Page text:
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Barbara Bush Being Treated for Graves' Disease, a Thyroid Disorder

March 30, 1989|From United Press International

WASHINGTON — First Lady Barbara Bush, suffering from swollen eyes and weight loss, has been found to have Graves' disease, a disorder of excess thyroid hormone production, her press office announced Wednesday.

A spokeswoman said the First Lady "feels just fine," and was only alerted to the condition when her eyes "really began to bug her."

In a statement, the White House announced that Mrs. Bush, 63, began treatment for the condition last Friday and is taking methimazole, a drug that blocks the production of thyroid hormones.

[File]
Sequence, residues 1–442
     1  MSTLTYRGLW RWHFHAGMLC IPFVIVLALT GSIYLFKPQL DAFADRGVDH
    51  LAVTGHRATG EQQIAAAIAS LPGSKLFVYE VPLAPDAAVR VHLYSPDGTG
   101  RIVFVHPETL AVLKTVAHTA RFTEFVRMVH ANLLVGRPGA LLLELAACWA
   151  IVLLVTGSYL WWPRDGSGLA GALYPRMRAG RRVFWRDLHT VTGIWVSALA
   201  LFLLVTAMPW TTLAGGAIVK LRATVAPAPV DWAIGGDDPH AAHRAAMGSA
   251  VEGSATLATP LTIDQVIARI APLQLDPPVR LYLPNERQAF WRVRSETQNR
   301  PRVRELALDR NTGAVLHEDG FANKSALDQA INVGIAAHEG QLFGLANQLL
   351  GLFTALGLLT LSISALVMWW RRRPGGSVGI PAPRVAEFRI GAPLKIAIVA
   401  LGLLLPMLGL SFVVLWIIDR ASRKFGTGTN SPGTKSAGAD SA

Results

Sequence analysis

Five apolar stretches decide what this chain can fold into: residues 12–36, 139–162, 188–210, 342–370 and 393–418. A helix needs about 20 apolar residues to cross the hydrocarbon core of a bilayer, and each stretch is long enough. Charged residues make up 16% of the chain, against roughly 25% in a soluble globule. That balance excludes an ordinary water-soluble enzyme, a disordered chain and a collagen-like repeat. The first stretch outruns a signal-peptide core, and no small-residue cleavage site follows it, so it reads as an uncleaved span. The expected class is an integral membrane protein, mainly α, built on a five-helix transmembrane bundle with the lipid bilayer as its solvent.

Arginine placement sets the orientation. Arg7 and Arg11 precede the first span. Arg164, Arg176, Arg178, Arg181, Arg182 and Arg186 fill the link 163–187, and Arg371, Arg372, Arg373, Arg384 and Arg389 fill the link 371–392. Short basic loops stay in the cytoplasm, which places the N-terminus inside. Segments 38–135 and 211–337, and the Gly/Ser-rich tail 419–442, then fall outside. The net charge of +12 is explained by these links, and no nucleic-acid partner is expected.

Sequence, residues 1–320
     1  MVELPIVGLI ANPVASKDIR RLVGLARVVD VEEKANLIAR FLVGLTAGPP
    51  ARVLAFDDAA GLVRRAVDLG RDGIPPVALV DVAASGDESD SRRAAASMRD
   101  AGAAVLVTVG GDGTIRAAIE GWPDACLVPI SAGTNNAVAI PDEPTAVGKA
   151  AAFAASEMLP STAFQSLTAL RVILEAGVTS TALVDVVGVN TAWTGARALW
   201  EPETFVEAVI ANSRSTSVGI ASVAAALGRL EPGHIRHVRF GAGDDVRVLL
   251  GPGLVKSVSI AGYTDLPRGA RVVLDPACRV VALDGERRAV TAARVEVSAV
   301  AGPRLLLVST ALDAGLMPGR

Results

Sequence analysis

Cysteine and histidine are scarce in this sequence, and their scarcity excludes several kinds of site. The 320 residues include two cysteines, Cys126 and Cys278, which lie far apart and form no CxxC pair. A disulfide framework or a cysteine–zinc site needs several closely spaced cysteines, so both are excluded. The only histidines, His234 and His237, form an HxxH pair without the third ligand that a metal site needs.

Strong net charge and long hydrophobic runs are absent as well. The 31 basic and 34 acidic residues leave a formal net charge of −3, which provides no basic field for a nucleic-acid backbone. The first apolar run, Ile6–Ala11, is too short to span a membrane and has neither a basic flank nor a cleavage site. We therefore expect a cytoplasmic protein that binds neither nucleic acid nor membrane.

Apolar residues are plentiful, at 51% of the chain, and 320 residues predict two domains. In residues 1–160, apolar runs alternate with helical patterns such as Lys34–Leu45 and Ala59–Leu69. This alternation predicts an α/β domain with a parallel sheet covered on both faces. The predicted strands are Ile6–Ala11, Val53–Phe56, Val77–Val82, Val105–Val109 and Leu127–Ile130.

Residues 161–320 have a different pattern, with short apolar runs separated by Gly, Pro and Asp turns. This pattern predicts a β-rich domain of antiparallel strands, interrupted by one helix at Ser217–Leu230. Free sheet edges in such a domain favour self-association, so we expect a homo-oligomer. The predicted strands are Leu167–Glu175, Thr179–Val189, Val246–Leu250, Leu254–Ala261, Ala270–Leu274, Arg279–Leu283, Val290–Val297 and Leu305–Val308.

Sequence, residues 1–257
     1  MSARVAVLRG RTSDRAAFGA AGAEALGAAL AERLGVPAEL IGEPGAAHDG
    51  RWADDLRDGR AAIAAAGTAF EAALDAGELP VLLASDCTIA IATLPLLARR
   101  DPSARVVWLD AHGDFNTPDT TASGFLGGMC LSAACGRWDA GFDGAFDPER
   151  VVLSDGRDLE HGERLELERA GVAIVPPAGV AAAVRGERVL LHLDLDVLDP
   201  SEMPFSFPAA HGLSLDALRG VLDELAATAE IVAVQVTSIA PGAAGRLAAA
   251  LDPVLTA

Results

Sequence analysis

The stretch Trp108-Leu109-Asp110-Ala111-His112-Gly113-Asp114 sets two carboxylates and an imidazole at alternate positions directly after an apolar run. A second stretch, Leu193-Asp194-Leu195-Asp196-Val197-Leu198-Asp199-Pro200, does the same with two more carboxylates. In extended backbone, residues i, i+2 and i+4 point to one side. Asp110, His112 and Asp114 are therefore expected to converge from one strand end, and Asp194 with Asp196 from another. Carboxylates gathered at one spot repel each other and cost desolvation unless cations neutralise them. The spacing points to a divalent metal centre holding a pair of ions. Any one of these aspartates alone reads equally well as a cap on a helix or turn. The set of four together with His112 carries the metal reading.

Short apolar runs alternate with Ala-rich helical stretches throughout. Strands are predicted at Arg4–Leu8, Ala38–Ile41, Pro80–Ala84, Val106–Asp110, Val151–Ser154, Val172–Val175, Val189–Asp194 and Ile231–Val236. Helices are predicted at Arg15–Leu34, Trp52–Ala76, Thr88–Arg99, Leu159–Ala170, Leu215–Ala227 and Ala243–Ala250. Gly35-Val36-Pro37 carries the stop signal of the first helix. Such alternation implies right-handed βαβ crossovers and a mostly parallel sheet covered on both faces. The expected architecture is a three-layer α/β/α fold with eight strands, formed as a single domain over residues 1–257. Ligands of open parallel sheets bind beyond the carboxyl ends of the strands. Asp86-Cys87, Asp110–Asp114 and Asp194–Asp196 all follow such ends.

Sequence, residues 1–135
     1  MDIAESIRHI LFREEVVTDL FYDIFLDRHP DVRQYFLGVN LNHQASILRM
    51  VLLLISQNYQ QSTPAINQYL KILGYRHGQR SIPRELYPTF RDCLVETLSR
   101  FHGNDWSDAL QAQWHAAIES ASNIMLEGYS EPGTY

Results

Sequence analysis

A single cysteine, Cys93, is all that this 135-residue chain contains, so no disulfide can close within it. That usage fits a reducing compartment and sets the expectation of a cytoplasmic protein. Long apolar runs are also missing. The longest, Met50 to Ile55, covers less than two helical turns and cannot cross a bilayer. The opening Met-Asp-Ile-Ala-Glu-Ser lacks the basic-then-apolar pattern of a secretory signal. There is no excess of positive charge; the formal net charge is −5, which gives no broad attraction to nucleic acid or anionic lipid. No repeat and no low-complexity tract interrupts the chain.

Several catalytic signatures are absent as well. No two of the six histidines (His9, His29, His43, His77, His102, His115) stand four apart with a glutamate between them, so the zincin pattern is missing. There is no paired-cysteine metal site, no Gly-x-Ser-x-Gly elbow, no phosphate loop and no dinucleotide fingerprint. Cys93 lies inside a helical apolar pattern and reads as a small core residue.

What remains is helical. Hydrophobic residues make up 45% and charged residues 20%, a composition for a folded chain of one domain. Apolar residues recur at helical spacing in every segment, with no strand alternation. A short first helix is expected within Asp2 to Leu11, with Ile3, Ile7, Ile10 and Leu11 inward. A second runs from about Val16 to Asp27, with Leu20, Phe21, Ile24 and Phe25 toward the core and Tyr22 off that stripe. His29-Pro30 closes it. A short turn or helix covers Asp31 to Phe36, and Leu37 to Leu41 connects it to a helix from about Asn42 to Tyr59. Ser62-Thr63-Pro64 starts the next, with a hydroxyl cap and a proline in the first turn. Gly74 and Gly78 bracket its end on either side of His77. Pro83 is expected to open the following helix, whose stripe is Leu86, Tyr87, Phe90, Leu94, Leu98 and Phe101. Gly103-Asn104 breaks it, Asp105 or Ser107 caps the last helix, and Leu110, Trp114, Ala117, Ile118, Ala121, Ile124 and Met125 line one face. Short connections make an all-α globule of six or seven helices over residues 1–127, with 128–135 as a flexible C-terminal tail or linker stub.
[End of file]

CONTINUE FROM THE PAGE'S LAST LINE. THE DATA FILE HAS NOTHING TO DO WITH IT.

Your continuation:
"Mrs. Bush recently began treatment for Graves' disease, caused by the production of excess amounts of hormones from the thyroid gland," the statement said. "A medical evaluation was prompted by mild swelling and irritation of the eyes and some loss of weight, which have been her only symptoms."

Graves' disease is five times more common in women than men and occurs most often in people between the ages of 20 and 40.

The American Medical Assn. reported that many people recover completely from excess production of hormones from the thyroid gland, "but many have recurring bouts of the disorder and if left untreated for many years such condition can lead to death."

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